At the beginning of the 20th century, the father of Russian physiology, I.M. Sechenov proved that in case of physical exhaustion, first of all, muscles that did not work, not the heart that pumped blood through the vessels, did not breathe deeply into the lungs, but brain cells that sent activating impulses to the muscles involved, get tired. Without these impulses, no muscle, as they say, would not move. Consequently, in order to recuperate, it is necessary to rest the brain, “turn it off” from activity. How? Immersing him in a dream. So, in solving this problem, mental self-regulation has considerable potential. Already the “state of deep peace”, if it is kept for 5-10 minutes, allows a person to feel rested. But even better restores the power of self sleep. Therefore, it is very important for each person to learn to dive for a predetermined time in such a dream and to leave it.

To plunge into self-perceived sleep, you must first outline its duration and time of awakening. Suppose you need to sleep in the afternoon for half an hour – from three to half past three. In this case, before falling asleep using the PMT formulas, mentally imagine the watch face, at which the hands show half past three, say to yourself: “Sleep up to three thirty …” – and repeat this thought to yourself at the moment of passing through the slumber stage, before diving into self-perceived sleep. After this, the biological clock set by nature in our body will wake you up at your scheduled time. Although, of course, deviations are possible – ± 2–3 minutes. Accuracy here, as well as everywhere, depends on the level of fitness, on the degree of mastering the mental self-regulation .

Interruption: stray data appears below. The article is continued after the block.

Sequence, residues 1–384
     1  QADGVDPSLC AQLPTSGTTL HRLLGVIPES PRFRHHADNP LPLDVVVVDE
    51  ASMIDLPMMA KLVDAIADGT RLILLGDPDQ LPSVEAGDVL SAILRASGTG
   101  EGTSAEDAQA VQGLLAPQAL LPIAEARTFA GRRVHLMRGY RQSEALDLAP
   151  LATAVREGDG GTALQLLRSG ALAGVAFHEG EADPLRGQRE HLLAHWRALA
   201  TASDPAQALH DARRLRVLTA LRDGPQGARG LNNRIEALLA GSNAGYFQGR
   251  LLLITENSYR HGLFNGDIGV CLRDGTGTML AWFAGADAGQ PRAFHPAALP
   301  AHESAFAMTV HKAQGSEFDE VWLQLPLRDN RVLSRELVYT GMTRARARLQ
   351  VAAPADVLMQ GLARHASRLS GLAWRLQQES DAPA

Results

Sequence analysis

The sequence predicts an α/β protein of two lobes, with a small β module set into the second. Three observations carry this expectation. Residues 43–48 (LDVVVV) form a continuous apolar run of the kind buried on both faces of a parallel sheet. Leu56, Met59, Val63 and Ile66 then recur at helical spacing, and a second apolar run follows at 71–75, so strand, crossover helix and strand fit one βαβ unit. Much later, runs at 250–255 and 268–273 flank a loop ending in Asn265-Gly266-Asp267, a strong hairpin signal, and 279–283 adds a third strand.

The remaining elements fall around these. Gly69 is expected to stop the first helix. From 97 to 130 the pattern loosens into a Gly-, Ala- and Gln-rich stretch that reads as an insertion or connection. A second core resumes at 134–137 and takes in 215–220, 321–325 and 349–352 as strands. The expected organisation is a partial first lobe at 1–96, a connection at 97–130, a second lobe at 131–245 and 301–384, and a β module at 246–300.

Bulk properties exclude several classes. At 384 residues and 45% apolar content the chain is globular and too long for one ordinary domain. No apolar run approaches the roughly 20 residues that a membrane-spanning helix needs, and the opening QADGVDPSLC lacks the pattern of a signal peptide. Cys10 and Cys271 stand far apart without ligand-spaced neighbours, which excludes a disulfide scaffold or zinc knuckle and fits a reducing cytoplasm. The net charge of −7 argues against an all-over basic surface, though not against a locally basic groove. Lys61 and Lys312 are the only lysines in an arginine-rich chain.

Practice shows that with good fitness you can plunge into self-perceived sleep for any time. Some authors have reported, in particular, that in boxers for self – perceived sleep-rest, even a part of the minute break between rounds can be used. Of course, for 20–40 seconds an athlete does not sleep in the generally accepted sense of the word, but with the help of PMT, he calms his brain so much that it gives rest to both the nervous system and the whole body. In addition, in these seconds of self- perceived drowsiness , when the brain becomes more sensitive to words, the athlete can better and more firmly perceive the coach’s instructions.

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